7 Ways to Celebrate St. Patrick’s Day in Quarantine

  • 7 Ways to Celebrate St. Patrick’s Day in Quarantine

    Here’s what to do for our second St. Patrick’s Day in quarantine.

    St. Patrick’s Day, which originated in Ireland, honors the country’s primary patron saint with a feast, parade, and church service. The day’s roots are traced to a fifth-century Irish missionary, but around the world, the holiday seems to have taken on a life of its own, with many revering it as a top party holiday. Major cities across the globe now honor the patron saint with parades, parties, and (yes) bar crawls. While the pandemic might change the nature of our plans, it’s not canceling the holiday. If you’re looking for a way to safely celebrate and don your green, these are some ways you can enjoy the Irish holiday around the world—socially-distanced, of course.

    Mariusz S. Jurgielewicz/Shutterstock

  • South Boston St. Patrick’s Day Race

    WHERE: Boston, Massachusetts

    While you might normally spend your Saint Patrick’s Day with a morning beer followed by packing in tight to see your city’s parade, this year you can do what can only be considered the opposite—a socially-distanced run. Boston’s annual Road Race is going virtual for 2021, allowing participants to choose their own path and means of travel (with a Peloton bike ride totally permissible!). This race is typically held in person, but the city is choosing to move it to a virtual platform to ensure participant’s safety. Not only do you get your workout out of the way, but you also get an official race shirt.

    Joseph Sohm/Shutterstock

  • The National St. Patrick’s Day Festival

    WHERE: Ireland

    The home country’s very own festival, which runs from March 12 through 17 is moving online. While this might not be ideal for the locals who call a visit to this festival a yearly tradition, it does mean that those around the world can get a chance to experience how the patron saint’s country celebrates. The event will have everything from musical acts to theater performances to poetry, and the end of the festival will be commemorated with a virtual parade featuring the typical pageantry and marching band performances. And those wanting to participate can do so from the comfort of their own home, in full St. Patrick garb, of course.

    David Ardura/Shutterstock

  • Annual Greening of the Canal

    WHERE: Indianapolis, Indiana

    This state capitol might be having to rethink their yearly St. Patrick’s Day parade, officially canceling the in-person event, but Indianapolis still plans to dye the downtown canal green (virtually). For those wanting to experience a St. Patrick’s Day tradition without getting into the mess of an in-person (crowded) parade, the dying of the canal is the perfect way to celebrate–watch from home in real-time as it transforms into something out of a Nickelodeon slimefest. The canal winds around downtown, with easy access points for those wanting to get a peak later in the day.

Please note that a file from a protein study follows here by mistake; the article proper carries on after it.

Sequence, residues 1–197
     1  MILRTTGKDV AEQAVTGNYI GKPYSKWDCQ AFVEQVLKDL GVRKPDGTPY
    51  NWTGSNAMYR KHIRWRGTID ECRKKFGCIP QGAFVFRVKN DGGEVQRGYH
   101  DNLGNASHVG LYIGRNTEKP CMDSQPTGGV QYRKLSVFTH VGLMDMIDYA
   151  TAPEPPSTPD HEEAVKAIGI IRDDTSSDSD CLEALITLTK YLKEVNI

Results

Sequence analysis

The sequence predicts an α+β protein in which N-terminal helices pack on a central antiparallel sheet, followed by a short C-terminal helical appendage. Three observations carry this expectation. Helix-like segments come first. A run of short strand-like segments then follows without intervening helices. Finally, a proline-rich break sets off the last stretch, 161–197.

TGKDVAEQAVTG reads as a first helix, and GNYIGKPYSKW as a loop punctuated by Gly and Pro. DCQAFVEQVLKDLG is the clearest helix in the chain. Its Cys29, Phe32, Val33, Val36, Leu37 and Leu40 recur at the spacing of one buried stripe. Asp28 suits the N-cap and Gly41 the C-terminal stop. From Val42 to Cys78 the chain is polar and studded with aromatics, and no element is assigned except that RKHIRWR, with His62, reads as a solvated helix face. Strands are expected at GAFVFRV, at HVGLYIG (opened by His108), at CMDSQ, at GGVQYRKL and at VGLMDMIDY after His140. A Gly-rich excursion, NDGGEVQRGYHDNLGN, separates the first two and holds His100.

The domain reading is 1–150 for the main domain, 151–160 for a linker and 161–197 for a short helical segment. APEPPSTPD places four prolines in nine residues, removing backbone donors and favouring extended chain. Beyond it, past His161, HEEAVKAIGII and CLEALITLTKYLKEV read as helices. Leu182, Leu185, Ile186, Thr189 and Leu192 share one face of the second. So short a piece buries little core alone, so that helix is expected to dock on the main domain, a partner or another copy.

Roberto Galan/Shutterstock

  • Reverse St. Patrick’s Day Parade

    WHERE: Dublin, Ohio

    This suburb of Columbus is getting seriously creative—I mean, after being named one of the top 10 cities to celebrate St. Patrick’s Day, they kind of had to. While the city typically hosts an elaborate parade with floats, balloons, and bagpipe players, this year they’ll be hosting what they’re calling a “reverse parade . ” Rather than standing outside the parade lines watching as it goes by, you’ll be driving through it. It’s the perfect way to experience the event that this Irish town holds near and dear while ensuring everyone’s safety.

    OZinOH [CC BY-NC 2.0]/Flickr

  • The Bay Area's Social Media Parade

    WHERE: San Francisco, California

    The United Irish Societies of San Francisco (UISSF) has been celebrating this holiday for 170 years, and 2021 will not be the one that stops them. Because a physical parade is not possible in California at the moment, the group is taking their celebration to social media. UISSF is asking for local residents and businesses to submit short videos about their experiences with the festivities as well as past footage to create a virtual celebration to honor past parades. It’s the perfect way to get involved and share what makes San Francisco’s festival so special. Or, for those of us who just want to watch, a great way to get in the holiday spirit.

    Sheila Fitzgerald/Shutterstock

  • Clare’s Irish Festival

    WHERE: Clare, Michigan

    With Ennis, Ireland, as a sister city, it’s only fitting that this Michigan town celebrates the Irish holiday. Each year, the town hosts an elaborate festival, with a parade, competitions, entertainment, and seriously good food. Their 46th year of celebrations will look a little different, however. Following Michigan’s coronavirus protocols, the Clare Area Chamber of Commerce has scaled back the festivities, canceling some of the more touristed attractions. But there are still plenty of activities throughout the city, as well as small businesses to visit. Check their schedule to stay up to date.

    Jimmy Emerson; DVM[CC BY-NC-ND 2.0]/Flickr

  • St. Patrick’s Day Bar Crawl

    WHERE: Denver, Colorado

    The most American of the Irish traditions is the bar crawl, where green-clad drinkers assume Irish descent for the day to enjoy pint after pint. The Mile High City has a slew of St. Patrick’s Day festivities planned, one of which is the popular Denver bar crawl. Enjoy green drinks and music as you hit up participating bars. And check out Denver’s COVID-19 rules and standards to ensure you’re enjoying the day safely.

    Ievgenii Meyer/Shutterstock

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